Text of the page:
The New York Times: Putin is ready to negotiate. Column by Vitaliy Portnikov
The New York Times has claimed that Russian leader Vladimir Putin is ready to freeze the war he started with Ukraine last February
The outlet, citing its contacts with former high-ranking Russian officials and representatives of the American political establishment, emphasizes that despite the militant rhetoric that Vladimir Putin usually uses when describing the situation in Russia's war with Ukraine, he is actually sending signals of readiness to freeze the war. In fact, he is sending signals about his readiness to freeze the war at the positions currently occupied by the armed forces of Russia and Ukraine. At the same time, the outlet emphasizes that there are certain problems of perception in these signals from the Russian president, which call into question not only the intentions of the Russian political leadership, but also, of course, their sincerity.
First, the focus is on attempting to freeze the conflict. As emphasized in Russian political circles, the Russian leader appears unwilling to concede even an inch, suggesting that a frozen conflict scenario that entails Russia maintaining complete control over at least 20% of Ukrainian territory. Within American political circles, there are significant doubts regarding the existence of a Ukrainian politician willing to enter into such an agreement with Vladimir Putin.
Second, Vladimir Putin wants the United States to be the center of such negotiations, not Ukraine. That is, the Russian leader wants to negotiate his conflict freezing with Ukraine not with Ukrainians, but with Americans.
Thirdly, signals about freezing the conflict can only be a maneuver by the Russian political leader, because, as you know, Putin is a master at creating conflicts between his opponents. The very idea of freezing the conflict at a time when discussions continue about the amount of Western financial and military assistance to Ukraine, and the attention of Western governments is now focused not so much on the Russian-Ukrainian conflict as on the conflict in the Middle East. In this situation, of course, any Russian proposals may trigger discussions between Western leaders and the Ukrainian leadership, and there may be some Western politicians who will convince Kyiv that it is worth agreeing to such conditions in order not to lose even more in the event that Western support for the Ukrainian army and state begins to decline in 2024.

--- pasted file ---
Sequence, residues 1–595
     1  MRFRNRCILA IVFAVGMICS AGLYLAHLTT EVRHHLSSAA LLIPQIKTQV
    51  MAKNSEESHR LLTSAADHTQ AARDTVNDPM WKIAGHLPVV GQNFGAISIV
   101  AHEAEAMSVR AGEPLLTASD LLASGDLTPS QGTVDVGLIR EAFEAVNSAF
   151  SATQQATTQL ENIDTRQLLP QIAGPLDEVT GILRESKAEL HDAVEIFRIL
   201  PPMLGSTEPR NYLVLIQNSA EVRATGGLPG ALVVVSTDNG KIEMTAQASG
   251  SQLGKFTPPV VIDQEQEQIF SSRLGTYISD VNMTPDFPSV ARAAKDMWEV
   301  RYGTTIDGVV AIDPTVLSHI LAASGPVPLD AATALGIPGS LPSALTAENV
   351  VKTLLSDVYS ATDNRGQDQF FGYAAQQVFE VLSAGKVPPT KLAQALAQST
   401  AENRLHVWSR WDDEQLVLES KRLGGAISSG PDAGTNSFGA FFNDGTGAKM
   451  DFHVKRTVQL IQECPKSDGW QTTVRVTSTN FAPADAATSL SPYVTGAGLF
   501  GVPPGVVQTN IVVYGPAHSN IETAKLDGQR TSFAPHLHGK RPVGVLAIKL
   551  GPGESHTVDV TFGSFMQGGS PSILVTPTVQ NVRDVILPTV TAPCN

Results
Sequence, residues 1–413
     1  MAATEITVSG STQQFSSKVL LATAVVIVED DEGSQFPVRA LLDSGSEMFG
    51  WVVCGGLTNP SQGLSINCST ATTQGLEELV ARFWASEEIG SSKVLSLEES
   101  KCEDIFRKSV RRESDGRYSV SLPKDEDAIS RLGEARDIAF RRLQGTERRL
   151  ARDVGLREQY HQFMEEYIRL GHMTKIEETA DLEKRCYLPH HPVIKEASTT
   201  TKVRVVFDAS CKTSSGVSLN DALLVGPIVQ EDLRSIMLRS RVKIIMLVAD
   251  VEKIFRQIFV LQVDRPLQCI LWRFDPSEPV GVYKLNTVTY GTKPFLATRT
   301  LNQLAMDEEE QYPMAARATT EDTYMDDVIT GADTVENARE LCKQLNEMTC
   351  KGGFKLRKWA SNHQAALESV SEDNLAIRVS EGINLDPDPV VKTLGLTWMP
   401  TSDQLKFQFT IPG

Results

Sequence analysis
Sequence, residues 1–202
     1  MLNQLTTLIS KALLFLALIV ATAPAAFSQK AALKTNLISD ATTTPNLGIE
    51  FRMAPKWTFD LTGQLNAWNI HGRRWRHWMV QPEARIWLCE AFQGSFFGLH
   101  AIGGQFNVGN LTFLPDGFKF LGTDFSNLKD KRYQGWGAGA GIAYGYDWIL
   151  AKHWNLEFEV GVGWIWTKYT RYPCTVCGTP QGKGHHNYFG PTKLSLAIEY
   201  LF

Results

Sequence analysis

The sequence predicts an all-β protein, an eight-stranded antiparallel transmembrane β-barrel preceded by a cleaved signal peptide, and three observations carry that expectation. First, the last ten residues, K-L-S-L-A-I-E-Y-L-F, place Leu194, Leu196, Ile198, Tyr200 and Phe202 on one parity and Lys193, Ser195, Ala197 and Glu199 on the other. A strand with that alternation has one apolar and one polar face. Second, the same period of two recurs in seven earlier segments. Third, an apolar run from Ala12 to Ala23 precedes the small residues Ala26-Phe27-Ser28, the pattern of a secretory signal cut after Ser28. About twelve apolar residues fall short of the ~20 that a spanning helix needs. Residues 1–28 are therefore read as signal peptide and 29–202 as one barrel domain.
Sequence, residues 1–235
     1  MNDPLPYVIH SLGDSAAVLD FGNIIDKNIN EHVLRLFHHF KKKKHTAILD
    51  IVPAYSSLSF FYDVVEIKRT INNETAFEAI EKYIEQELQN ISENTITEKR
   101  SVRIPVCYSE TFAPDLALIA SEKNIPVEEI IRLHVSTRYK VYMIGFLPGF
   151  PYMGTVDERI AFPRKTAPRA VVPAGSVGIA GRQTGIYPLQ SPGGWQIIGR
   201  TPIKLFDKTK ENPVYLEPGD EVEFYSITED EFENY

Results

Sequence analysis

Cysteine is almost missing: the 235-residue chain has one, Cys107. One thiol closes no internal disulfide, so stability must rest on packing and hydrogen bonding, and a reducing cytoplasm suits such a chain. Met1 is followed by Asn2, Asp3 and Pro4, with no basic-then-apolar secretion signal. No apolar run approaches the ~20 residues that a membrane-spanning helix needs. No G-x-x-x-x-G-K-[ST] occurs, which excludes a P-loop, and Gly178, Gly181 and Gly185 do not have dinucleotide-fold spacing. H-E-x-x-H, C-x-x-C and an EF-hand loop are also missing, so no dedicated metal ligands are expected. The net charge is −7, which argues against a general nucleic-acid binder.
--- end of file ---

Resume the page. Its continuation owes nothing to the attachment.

And, of course, we should keep in mind the situation of the presidential election in the United States. Western politicians may also be convinced that the Ukrainian leadership should take advantage of the chance to freeze the war before the theoretical possibility of former US President Donald Trump winning the next election arises.
Fourthly, there is another important point that The New York Times reminds us of, quoting Latvian President Rinkēvičs. The Latvian politician emphasizes that Russia has always been perfectly comfortable violating any agreements it has agreed to. Therefore, the maneuver might not necessarily signify an indication of the potential freezing of the Russian-Ukrainian war. Instead, it could be a strategic move to persist in the conflict and sustain the assault on Ukraine, even if temporarily halted. The achievement of an apparent compromise might be a means to pause Russia's military actions against Ukraine, creating a semblance of peace.
In this situation, of course, the question will always arise: what security guarantees will the West be willing to provide to Ukraine to ensure that Russian aggression against this country does not happen again in the near future, because today Putin may think that 20% of Ukrainian territory is enough for him, and tomorrow, as we have seen many times, he will want another 40%. Thus, it would be imprudent to assert that the Russian president would really like to end the war. However, like American journalists, we can see progress at least in the fact that Putin is now primarily concerned about the preservation of the occupied territories of Ukraine, he no longer demands a change of Ukrainian government, as he said in February 2022; he does not hope that a puppet government will emerge in Kyiv, which will be formed of traitors to the Ukrainian state, ready to support the political ambitions of the Russian leadership and betray the interests of their own state.
Putin is thus beginning to realize that he will not achieve the real goals of his so-called special operation, that he cannot hope to see the Ukrainian state disappear from the political map of the world and probably will not be able to influence the geopolitical choices of this state. But like any predator who has already captured his prey, he wants to at least keep what is now under the control of his criminal army, or at least pretend that this part of the bloody loot can satisfy him and his compatriots who are sick with an incurable chauvinistic virus. It's important to recognize that these compatriots may acquiesce to any conditions for freezing the conflict dictated by their president. It should be understood that Russian society, in discussions about ending the Russian-Ukrainian war, is not an independent actor but rather an object of political influence by its leadership. The populace is likely to accept any options put forth by Vladimir Putin and influenced by Russian propaganda.
About the author. Vitaliy Portnikov, journalist, Shevchenko National Prize winner
The editors do not always share the opinions expressed by the authors of blogs and columns.